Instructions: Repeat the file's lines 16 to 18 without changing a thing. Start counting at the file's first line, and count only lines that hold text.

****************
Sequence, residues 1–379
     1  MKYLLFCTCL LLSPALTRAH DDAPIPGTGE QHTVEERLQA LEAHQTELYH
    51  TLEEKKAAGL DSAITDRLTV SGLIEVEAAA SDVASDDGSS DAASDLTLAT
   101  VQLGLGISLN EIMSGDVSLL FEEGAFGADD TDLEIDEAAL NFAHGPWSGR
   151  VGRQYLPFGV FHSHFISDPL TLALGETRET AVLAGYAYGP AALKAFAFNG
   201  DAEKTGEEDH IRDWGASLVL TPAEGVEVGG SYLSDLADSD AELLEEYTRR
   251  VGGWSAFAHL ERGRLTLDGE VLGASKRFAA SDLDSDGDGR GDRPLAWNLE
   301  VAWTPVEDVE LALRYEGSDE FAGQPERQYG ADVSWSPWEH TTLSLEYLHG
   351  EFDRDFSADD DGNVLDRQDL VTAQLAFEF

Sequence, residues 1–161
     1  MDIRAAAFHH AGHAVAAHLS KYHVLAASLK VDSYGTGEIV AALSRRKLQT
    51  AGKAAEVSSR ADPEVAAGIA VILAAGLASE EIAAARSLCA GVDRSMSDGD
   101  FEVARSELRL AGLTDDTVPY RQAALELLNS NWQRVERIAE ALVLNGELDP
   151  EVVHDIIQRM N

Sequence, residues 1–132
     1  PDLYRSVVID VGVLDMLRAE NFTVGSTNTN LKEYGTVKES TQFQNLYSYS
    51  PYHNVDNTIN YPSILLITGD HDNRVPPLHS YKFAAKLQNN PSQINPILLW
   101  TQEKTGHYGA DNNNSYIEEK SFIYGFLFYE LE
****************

     1  PDLYRSVVID VGVLDMLRAE NFTVGSTNTN LKEYGTVKES TQFQNLYSYS
    51  PYHNVDNTIN YPSILLITGD HDNRVPPLHS YKFAAKLQNN PSQINPILLW
   101  TQEKTGHYGA DNNNSYIEEK SFIYGFLFYE LE